* The Business of Software

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Andy Brice
Successful Software

Doug Nebeker ("Doug")

Jonathan Matthews
Creator of DeepTrawl, CloudTrawl, and LeapDoc

Nicholas Hebb
BreezeTree Software

Bob Walsh
host, Startup Success Podcast author of The Web Startup Success Guide and Micro-ISV: From Vision To Reality

Patrick McKenzie
Bingo Card Creator

The next generation of software developers

I went in to a school today (in Wiltshire, in the UK) and spoke to about 100 13-year old kids about careers in engineering in general and software engineering in particular. I asked them how many had ever done any programming. 1 stuck his hand up. I found that a bit surprising.

Given how widely available computers are, I thought quite a few of them would have at least had a play by 13. I had started programming by that age and computers were much harder to get hold of then. It seems the schools only teach them how to use software (Powerpoint etc), not how to create it. I know they can't spend a lot of time on programming at that age, but it seems a shame if they don't even try it.

Do kids do any programming at school where you live? At what age?
Andy Brice Send private email
Wednesday, February 20, 2013
 
 
Ps/ I know this is only tangentially related to BOS. But the supply of developers is a critical issue for software companies in the long term.
Andy Brice Send private email
Wednesday, February 20, 2013
 
 
My kids are 13 and 15 and I have tried to get them interested with no success at all. It's hard to compete with the unlimited supply of free iOs apps, or to explain the appeal of writing one yourself.  As far as I know, it's the same with all their friends.
GregT Send private email
Wednesday, February 20, 2013
 
 
PS you asked about school. Our high school is very proud of its 'digital immersion' program and I am not against it at all. But it's not about programming in any way shape or form. It is about blogging and using social media, Wikipedia, that kind of thing.

I would love to see someone run a 'Elements of Computing Systems' course for kids. That book is absolutely, completely and utterly amazing. It may be the single best book I have ever read. If you have not seen it, check it out on Amazon, or its web site, or there is a TED talk.
GregT Send private email
Wednesday, February 20, 2013
 
 
In my area, 13 years old roughly equates to 7th or 8th grade, which is middle school. Our local middle school doesn't have any programming classes, but our high school does. They have classes in VB.Net, Java, and I think a few other languages. Most of the material is dry and not much fun for the students. My son is in the Java class, and it's focused mostly on learning facts about the language rather than using it.
Nicholas Hebb Send private email
Wednesday, February 20, 2013
 
 
It's fine man. Those who are curious will find it.

Or H1Bs.
Bring back anon Send private email
Wednesday, February 20, 2013
 
 
When we were at their age, there weren't much to chew on a computer. You had to program because there were few tools or fun things to do with the computer if you didn't create something. Few games. Few content.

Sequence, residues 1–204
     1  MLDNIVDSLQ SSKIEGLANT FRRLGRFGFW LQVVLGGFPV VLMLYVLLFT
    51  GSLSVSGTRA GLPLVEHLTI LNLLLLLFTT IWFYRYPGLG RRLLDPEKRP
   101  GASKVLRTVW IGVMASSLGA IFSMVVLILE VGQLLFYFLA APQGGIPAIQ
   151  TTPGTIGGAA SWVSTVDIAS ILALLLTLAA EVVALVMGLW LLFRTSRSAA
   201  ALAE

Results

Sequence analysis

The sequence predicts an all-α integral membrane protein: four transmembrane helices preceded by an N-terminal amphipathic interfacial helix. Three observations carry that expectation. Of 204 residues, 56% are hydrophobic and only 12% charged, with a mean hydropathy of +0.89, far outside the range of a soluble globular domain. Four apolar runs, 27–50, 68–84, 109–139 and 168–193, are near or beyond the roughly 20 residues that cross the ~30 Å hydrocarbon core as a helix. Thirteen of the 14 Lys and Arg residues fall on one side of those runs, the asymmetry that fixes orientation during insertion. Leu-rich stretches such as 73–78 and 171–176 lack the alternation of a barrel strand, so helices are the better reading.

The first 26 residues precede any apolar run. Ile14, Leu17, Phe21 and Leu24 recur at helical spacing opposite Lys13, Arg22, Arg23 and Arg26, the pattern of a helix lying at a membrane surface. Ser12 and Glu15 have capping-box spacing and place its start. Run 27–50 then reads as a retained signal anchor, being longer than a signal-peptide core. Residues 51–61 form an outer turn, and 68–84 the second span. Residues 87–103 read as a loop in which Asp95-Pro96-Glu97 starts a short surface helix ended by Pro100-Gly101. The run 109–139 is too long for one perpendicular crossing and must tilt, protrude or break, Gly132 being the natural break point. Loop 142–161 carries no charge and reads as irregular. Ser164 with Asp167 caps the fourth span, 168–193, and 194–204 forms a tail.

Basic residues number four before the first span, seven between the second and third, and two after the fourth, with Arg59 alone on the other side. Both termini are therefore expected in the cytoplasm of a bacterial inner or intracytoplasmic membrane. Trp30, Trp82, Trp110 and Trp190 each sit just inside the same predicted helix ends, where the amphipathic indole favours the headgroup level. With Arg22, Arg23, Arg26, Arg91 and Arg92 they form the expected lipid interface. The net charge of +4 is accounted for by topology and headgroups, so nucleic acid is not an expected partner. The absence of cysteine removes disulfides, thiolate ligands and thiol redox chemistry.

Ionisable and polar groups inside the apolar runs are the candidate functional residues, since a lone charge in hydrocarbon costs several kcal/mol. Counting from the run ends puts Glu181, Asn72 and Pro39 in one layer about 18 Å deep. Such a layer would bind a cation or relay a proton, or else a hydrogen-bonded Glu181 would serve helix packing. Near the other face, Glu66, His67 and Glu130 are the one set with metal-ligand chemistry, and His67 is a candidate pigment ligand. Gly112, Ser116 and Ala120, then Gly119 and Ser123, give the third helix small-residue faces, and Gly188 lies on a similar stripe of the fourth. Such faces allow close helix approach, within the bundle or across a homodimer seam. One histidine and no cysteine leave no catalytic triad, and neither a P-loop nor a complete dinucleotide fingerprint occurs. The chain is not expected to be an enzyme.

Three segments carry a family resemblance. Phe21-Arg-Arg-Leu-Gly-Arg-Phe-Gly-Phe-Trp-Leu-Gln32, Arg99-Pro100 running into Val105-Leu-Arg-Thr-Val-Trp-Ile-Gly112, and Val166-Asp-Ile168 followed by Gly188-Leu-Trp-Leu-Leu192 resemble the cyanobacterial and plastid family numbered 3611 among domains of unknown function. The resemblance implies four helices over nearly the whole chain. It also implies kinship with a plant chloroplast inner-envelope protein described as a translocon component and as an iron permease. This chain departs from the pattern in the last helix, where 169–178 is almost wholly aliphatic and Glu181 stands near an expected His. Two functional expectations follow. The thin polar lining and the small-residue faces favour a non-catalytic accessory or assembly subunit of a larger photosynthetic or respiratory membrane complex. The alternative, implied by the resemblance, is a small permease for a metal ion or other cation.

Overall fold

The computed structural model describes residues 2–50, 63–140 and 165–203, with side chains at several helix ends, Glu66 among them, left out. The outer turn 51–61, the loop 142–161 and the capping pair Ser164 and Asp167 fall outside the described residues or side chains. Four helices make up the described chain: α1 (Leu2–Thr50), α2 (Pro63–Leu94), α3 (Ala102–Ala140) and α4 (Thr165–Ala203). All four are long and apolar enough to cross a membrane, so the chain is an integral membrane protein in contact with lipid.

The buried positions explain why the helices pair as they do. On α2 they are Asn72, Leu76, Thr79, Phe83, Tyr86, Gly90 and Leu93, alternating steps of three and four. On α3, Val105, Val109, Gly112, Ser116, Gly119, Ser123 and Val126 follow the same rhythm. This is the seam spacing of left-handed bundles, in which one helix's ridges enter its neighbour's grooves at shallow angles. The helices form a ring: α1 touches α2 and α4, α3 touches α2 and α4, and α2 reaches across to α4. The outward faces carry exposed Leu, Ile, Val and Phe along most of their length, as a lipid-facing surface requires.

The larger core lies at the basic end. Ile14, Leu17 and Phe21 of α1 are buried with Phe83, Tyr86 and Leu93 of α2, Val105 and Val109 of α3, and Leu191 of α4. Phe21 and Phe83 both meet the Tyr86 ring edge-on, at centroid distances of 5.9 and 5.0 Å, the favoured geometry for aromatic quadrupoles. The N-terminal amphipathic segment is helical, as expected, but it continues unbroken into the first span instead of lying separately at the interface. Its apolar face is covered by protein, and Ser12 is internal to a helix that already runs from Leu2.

Now, you can spend years browsing the web and always finding new content, years playing games without getting tired, years playing with different devices. I imagine computers will be more and more like TV, cinema or magazines. Plenty of people enjoy it and only a few know what's involved or how do they create it. Hell, I can't even *imagine* how they create current games!

Probably in the future there will be fewer programs, we don't need a hundred file compacting utilities or a hundred ERP systems, and there will be fewer programmers.
Mauricio Macedo Send private email
Wednesday, February 20, 2013
 
 
I have tried to interest my son in programming with no success. 

When I started learning as a kid I had only an Apple ][ and a collection of Logo and BASIC books/magazines as my guides.  Kids these days have instantaneous access to a near-infinite amount of information, tutorials, etc., and a wide variety of platforms and languages to choose from.  So accessibility isn't the issue...  apparently the desire just isn't there. 

Maybe kids these days feel that if they can't sit down alone and code up something like facebook or their favorite FPS that it isn't worth their time?  Computing definitely had a more 'hobbyist' feel back when I got started, so maybe there is a difference in perceived 'fun' factor that I'm not appreciating.
James A. Send private email
Wednesday, February 20, 2013
 
 
Kids are smart. They get a tacit understanding from the culture and from direct observation about the esteem that certain kinds of work are held in. 

Also, IMO natural interest in programming has always been a fringe thing. When I was in that age group - 13 or so - and this was decades ago, pre-Apple, pre-Commodore PET - stuff like computer science was held in reverence - but there were very few kids back then who expressed any interest in computer science or programming.

Today, with the immersion of the world in technology, I am guessing that today's young people see programming as another type of plumbing. Directed by owners, a form of labor, fungible.